Those incredible harp bass notes are always a favourite of Rachel’s, and it’s easy to see why. Along with Mattie’s brushed snare they provide a more vigorous pace as The Trans-Atlantic thread winds all the way back to the Outer Hebrides; with a waulking song from the collection of Margaret Fay Shaw, Gura Mise Tha Fo Mhulad (I Am Full of Sorrow). Snatches of string melody, on both harp and fiddle intertwine with the vocal until Rachel and Lauren join forces towards the end in a glorious duet. South to Skye, for the other Gaelic contribution to the album, the heart-rending lament Chaidh Mo Dhonnchadh Dhan Bheinn (My Duncan Went to the Hill). A mist comes in from the sea on a single drone. Amid faint radio signals, a piano as searchlight, and with an eerie fiddle on the wind, Rachel delivers a mournfully passionate vocal. A single, closing bass note links directly to the captivating keyboard driven beat of Proud Maisrie.
Taking folk rock in an entirely new direction that seems to owe as much to Tangerine Dream as it does to Shirley Collins, the beats come in waves; amid layered vocal, a clash of drumsticks and an extended harp/fiddle outro. Proud Maisrie isn’t the only representative of English language balladry on the album. The haunting opening of The Bloody Gardener exudes a bleak, Nordic chill until those enthralling bass notes on the harp are joined by toms and cymbals. As the horror unfolds a bass drum joins the toms and Lauren’s fiddle provides unearthly chatter and a spine-tingling chill as a prelude to its breath-taking drama.
There’s a more soothing combination to close the album. Sir Walter Scott’s An Hour With Thee is set to Rachel’s own lilting melody. Nestled among the elegance of Scott’s verses, a pair of harp/fiddle duets, fraught with longing. One Hour More follows, with a gentle, dreamy melody that could easily be imagined as a period match for the preceding poem. As the pace drops, piece by perfect piece, the album draws to a close on a soft, sleepy, satisfying note.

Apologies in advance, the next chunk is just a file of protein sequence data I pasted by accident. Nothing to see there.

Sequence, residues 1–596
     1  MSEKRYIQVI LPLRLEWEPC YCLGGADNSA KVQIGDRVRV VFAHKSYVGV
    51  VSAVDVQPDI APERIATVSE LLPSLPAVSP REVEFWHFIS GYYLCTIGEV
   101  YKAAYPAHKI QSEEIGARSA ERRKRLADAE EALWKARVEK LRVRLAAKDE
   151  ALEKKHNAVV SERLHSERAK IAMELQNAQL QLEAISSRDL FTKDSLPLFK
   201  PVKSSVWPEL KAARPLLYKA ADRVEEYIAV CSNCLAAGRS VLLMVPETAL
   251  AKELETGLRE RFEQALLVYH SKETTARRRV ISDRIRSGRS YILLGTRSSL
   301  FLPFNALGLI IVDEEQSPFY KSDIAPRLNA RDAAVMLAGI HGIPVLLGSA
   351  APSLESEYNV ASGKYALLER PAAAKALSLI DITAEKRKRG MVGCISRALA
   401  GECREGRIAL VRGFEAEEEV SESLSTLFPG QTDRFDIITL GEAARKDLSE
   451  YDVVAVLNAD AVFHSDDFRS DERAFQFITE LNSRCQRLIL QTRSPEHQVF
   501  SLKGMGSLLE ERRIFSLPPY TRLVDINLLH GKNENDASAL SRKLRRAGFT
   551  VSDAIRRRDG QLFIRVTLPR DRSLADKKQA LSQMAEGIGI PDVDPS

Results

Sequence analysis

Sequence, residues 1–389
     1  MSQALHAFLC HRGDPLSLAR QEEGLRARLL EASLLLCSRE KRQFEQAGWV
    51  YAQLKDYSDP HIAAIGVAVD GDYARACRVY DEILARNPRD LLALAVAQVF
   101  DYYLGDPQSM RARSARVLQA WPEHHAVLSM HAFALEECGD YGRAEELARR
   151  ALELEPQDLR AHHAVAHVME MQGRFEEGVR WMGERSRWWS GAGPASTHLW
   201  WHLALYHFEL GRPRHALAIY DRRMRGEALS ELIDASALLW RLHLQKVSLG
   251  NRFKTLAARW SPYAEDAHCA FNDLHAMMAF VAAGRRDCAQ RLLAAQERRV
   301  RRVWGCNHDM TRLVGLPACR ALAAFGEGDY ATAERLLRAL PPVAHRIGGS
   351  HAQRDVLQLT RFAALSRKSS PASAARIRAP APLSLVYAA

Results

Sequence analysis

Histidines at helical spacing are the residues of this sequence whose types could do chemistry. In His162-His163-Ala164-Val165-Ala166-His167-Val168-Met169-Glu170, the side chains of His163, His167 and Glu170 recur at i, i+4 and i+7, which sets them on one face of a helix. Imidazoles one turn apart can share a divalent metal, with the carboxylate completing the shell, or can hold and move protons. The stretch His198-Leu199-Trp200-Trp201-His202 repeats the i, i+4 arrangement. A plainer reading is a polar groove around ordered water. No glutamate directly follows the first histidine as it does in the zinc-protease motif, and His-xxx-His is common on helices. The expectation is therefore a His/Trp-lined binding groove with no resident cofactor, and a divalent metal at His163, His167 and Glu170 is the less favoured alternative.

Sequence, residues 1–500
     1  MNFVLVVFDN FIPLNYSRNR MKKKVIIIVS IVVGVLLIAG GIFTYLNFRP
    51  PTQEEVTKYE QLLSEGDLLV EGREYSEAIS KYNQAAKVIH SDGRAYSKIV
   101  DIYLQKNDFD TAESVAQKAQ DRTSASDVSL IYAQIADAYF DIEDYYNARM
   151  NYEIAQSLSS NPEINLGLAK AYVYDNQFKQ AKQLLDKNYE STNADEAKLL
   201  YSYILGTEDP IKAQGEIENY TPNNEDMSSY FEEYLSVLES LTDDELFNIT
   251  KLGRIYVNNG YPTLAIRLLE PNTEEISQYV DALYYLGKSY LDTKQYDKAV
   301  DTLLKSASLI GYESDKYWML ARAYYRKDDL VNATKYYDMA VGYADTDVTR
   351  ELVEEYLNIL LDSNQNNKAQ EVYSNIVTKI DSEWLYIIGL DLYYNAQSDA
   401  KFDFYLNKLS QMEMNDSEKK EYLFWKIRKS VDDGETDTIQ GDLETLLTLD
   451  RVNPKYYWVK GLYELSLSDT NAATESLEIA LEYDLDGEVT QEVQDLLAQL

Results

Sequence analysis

It’s testament to Rachel’s ingenuity and her understanding of British folk music, from several regions, that she can envisage, arrange and record an album as impressive as this. Not as conceptual as Changeling, and a more thorough examination of traditional music than The Shadow Side, Here’s My Heart Come Take It could be viewed as Rachel’s tribute to those traditions. Mattie Foulds, as always, should be applauded not only for his intricate and empathetic percussion, but for his role of producer; interpreting Rachel’s vision with an unparalleled breadth of texture and scope. It would be impossible to place too high a value on Lauren MacColl’s contributions on fiddle, displaying a quite astonishing range of voices; while the occasional augmentation from Michael Owers’ brass offers a perfect, soft counterpoint to Rachel’s plaintive vocal and injects those tracks with a warmth that could never have been achieved otherwise.
I was utterly transfixed by Here’s My Heart Come Take It, from the opening moments of my very first listen; and continue to be by every subsequent visit. It’s an album that enthrals and entrances the senses, places traditional song under a fascinating new spotlight and confirms Rachel Newton as one of our most original and gifted interpreters of those traditions.
Review by: Neil McFadyen
Here’s My Heart Come Take It is released 15 April 2016
Upcoming Rachel Newton Trio Dates
12th – Rachel Newton Trio @ Star Folk Club (The Admiral Bar), GLASGOW
13th – Rachel Newton Trio @ House Concert, EDINBURGH (contact Rachel for more info)
15th – Rachel Newton Trio @ King’s Place, LONDON (ALBUM LAUNCH)
16th – Rachel Newton Trio @ BowerHouse, MAIDSTONE
17th – Rachel Newton Trio and Emily Portman Trio @ Folk Weekend Oxford
8th – Rachel Newton Trio @ Newton Stewart & Minnigaff Traditional Music Festival, DUMFRIES & GALLOWAY
For all Tour Dates and Details visit: